CIBJO releases Pearl Special Report,
looks at environmental challenges and opportunities
OCTOBER 30, 2019
With fewer than three weeks to go to the opening of the 2019 CIBJO Congress in Manama, Bahrain, on November 18, 2019, the eighth of the CIBJO commissions’ Special Reports has been released. Prepared by the CIBJO Pearl Commission, headed by Kenneth Scarratt, it looks at the growing impact of environmental and conservationist factors on the pearl sector, noting that these pose challenges but also provide opportunities for the industry.
A case in point is the Philippines, where Mr. Scarratt notes that climate and environmental changes have had a significant effect on pearl production. These relate to greater fluctuations in water temperature, ocean acidification, and the changing of the plankton profile, which has affected the survival rate of certain batches of oysters, as well as the overall growth rate.
“These changes present both challenges and opportunities. Obviously, the main challenge is the lower volume of production that will be available for distribution to the global market. On the other hand, this also serves as an opportunity because, with the lower biomass density, comes the potential to achieve a higher quality output,” he notes.
The report also looks at natural pearls. While rare, nowadays they most commonly are a by-product of the seafood industry, and in this respect could be subject to restrictions imposed by the Convention on International Trade in Endangered Species of Wild Fauna (CITES), as is the case with the Queen conch, off the coast of Mexico.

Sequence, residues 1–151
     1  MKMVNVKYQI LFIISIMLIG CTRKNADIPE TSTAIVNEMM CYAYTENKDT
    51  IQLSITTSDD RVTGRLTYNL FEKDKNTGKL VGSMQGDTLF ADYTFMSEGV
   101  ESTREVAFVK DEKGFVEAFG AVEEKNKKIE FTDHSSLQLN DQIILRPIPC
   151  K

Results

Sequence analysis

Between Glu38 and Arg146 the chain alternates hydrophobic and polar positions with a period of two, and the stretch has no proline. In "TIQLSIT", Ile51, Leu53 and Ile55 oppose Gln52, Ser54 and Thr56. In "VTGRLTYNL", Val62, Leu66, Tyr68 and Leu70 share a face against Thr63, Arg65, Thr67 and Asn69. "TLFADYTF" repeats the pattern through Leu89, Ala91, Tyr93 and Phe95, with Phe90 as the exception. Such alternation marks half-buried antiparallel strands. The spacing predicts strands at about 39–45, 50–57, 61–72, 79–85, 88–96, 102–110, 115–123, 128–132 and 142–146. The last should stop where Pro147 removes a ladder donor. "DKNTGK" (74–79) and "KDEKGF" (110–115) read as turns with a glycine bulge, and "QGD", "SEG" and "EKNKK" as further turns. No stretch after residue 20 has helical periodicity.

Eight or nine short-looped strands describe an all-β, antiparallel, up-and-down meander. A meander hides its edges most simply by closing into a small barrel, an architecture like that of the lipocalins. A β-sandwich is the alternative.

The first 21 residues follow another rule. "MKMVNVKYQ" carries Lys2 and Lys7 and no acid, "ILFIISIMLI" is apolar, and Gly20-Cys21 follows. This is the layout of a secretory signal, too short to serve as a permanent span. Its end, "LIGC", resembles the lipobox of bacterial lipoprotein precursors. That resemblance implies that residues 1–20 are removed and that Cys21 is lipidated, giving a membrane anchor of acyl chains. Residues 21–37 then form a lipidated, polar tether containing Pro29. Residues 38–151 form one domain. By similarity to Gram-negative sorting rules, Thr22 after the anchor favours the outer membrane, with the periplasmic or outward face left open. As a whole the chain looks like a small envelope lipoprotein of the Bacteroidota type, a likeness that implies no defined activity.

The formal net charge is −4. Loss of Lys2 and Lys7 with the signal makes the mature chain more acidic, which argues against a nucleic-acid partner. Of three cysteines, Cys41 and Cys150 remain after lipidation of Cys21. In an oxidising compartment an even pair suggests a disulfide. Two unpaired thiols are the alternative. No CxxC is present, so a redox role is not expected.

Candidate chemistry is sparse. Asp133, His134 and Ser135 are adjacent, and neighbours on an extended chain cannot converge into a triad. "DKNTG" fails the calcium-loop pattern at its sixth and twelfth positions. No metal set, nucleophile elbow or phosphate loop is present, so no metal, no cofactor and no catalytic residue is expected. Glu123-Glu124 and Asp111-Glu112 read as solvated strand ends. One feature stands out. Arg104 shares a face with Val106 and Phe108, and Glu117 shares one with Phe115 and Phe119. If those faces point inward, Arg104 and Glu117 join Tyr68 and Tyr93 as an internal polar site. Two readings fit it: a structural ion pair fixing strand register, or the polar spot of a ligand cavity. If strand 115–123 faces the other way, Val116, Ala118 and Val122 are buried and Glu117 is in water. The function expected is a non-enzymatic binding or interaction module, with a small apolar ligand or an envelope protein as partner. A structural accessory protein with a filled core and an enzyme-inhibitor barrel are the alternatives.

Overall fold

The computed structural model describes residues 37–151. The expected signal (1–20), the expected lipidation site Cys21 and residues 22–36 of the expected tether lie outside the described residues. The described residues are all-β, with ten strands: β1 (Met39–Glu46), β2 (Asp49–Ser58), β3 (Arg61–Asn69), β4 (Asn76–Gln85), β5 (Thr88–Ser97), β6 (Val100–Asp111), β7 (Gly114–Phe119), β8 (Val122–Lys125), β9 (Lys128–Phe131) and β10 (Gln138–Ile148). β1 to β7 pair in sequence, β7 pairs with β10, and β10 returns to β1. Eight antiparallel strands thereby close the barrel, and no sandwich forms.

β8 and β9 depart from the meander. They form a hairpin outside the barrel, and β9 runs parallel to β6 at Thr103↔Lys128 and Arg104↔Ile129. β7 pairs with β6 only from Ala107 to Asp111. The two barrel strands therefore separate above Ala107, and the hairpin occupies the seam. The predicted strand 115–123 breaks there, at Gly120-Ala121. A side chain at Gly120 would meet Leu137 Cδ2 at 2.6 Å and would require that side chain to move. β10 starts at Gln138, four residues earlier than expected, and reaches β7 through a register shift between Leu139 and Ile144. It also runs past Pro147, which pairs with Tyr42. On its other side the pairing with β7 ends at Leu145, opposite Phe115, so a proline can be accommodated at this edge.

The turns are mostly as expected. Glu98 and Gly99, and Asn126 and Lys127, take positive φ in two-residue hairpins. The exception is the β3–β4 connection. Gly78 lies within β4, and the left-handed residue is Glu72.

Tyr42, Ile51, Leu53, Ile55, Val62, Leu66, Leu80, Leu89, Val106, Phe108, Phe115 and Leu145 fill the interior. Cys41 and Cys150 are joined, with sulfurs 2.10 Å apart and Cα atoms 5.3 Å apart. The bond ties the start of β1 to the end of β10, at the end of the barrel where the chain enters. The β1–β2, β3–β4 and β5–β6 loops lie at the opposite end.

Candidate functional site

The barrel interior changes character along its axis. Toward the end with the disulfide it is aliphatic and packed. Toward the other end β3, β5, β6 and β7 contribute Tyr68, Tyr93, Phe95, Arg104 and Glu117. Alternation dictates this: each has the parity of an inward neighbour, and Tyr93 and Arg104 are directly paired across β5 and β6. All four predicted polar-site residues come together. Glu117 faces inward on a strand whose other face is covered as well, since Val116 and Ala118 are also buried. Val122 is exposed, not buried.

One country where fishing specifically for natural pearl-producing oysters still takes place is Bahrain, the venue of 2019 CIBJO Congress. The waters around the island nation have been producing natural pearls for some 4,000 years and continue to do so to this day, in a variety of sizes, shapes, and colours, writes Mr. Scarratt, who also notes that this is the only type of pearling that takes place in the kingdom.
The oyster variety located off the waters of Bahrain is Pinctada radiata, which is the same type of oyster being used to culture pearls at two facilities in the United Arab Emirates. A consequence of the production from the UAE is that one should no longer automatically assume that a pearl’s Pinctada radiata origin determines that it is natural, Mr. Scarratt notes.
To download a full copy of the CIBJO Pearl Commission’s special report, PLEASE CLICK HERE.